The Northeast DAS + Small Cell Association’s October 2, 2013 Educational Summit held at the Kellogg Conference Center and Hotel in Washington, D.C. engaged panelists and audiences alike across a variety of topics. During the first session after lunch titled ‘ROI Analysis – Does a DAS or Small Cell Network Deployment Pay,’ Bob Butchko, an expert in In-Building Wireless Communications currently at RF Connect, LLC, paved the way for the title of this article when he spoke quite a bit about ‘crossing the chasm.’
Complaints are the catalyst.
If you’re building an in-building system, it must be technology agnostic. Ultimately, it’s the end-user experience that will justify the cost – or the loss. But deciding on what type of system and how much you should build is rather challenging.
According to Benoit Fleury, who is responsible for iBwave’s overall product portfolio, the project must be well-defined and right-sized. “If you over-design a project, it will be more costly,” he stated. Fleury also added that a solution must be future-ready. And in the lifecycle of a real estate development project, we all know that 10 years is not a long time for gaining a return on an in-building project.
Butchko added to Fleury’s remarks that today’s building owners and even enterprises don’t have a cohesive way of doing things. They want it, but they want it on the cheap and therefore, ‘no future proofing is considered.’
“There’s still a level of sticker shock,” added Chris Graff, a Regional Sales Manager for SOLiD who also partook in the discussion on the panel. “Companies should consider their goals and then the ROI should be tied together.”
ROI Be Damned
Douglas J. Barnett, a 20-year veteran in the wireless industry, led the lively ‘ROI Analysis – Does a DAS or Small Cell Network Deployment Pay’ conversation among participating panelists. Rounding out the panelists was Rene Pachinbhayag, In-Building Solutions Manager at AT&T. While the panelists seemed, at times, to team up against the industry giant, Rene explained that not all projects can be (or should be) carrier-funded. Graff concurred and rightfully pointed out that while the carriers may hold the majority stake on ROI, the end goal is to make the end-users happy and encourage them to use as much technology as possible. In which instance, venue holders themselves have a large stake since they too want happy customers. But Graff emphasized, rightly so, that ultimately it’s the end users who pay the monthly bill and use the services.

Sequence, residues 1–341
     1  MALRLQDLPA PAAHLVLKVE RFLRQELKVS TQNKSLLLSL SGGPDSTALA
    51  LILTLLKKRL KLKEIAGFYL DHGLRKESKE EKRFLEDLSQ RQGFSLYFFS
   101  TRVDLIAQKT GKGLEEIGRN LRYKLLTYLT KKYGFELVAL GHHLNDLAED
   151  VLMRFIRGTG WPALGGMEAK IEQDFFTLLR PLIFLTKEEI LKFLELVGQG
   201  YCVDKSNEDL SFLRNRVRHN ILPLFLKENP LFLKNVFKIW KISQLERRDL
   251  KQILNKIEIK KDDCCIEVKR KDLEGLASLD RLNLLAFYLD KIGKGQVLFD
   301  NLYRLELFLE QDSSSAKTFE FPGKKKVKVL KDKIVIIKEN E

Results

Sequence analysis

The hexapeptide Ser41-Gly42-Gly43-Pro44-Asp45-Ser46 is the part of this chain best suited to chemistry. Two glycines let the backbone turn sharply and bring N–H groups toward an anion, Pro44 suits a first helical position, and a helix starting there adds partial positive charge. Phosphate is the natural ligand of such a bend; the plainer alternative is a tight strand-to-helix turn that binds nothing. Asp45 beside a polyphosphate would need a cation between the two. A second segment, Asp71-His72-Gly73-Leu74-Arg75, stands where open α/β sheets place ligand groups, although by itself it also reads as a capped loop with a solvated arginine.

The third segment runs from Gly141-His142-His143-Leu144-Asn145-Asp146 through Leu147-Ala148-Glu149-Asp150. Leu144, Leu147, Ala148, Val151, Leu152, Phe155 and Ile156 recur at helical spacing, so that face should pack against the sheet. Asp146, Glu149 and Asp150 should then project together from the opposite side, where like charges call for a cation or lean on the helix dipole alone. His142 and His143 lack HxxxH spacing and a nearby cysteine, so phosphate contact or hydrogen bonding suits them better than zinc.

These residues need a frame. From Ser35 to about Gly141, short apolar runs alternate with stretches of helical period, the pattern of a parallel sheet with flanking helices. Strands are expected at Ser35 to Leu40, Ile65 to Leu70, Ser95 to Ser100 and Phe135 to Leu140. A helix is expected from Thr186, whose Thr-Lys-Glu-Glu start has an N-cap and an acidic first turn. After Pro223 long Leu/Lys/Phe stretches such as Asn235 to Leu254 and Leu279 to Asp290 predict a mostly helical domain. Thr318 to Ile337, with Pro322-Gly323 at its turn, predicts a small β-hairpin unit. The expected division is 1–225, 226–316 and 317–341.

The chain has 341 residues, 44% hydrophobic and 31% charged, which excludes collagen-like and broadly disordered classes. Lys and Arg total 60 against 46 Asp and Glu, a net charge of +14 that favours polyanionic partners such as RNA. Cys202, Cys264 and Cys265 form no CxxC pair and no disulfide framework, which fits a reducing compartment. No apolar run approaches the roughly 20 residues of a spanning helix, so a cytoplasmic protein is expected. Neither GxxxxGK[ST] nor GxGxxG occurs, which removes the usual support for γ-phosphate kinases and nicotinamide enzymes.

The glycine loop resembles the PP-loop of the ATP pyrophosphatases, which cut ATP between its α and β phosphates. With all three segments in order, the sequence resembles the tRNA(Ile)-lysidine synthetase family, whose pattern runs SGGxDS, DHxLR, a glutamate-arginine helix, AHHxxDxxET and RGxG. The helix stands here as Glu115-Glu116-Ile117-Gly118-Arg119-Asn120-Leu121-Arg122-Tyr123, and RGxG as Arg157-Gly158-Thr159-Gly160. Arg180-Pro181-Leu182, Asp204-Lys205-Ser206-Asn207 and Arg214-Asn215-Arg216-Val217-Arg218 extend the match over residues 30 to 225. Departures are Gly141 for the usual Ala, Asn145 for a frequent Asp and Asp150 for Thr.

Building owners shouldn’t cry wolf. They have the opportunity to fund the projects themselves. Rene pointed out that designing a building to be more energy-efficient saves the owners money. They should be looking at putting the savings from a more efficient design to use elsewhere, such as bringing the signal inside the building.
Who has the most at stake?
“Whoever is tied to the perception of the end-user experience has the most at stake,” Fleury pointed out. And that, my dear reader, is the name of the game. In the end, perception is key.
For more information about the Northeast DAS + Small Cell Association’s Educational Summit, and to view the presentation slide deck, click here.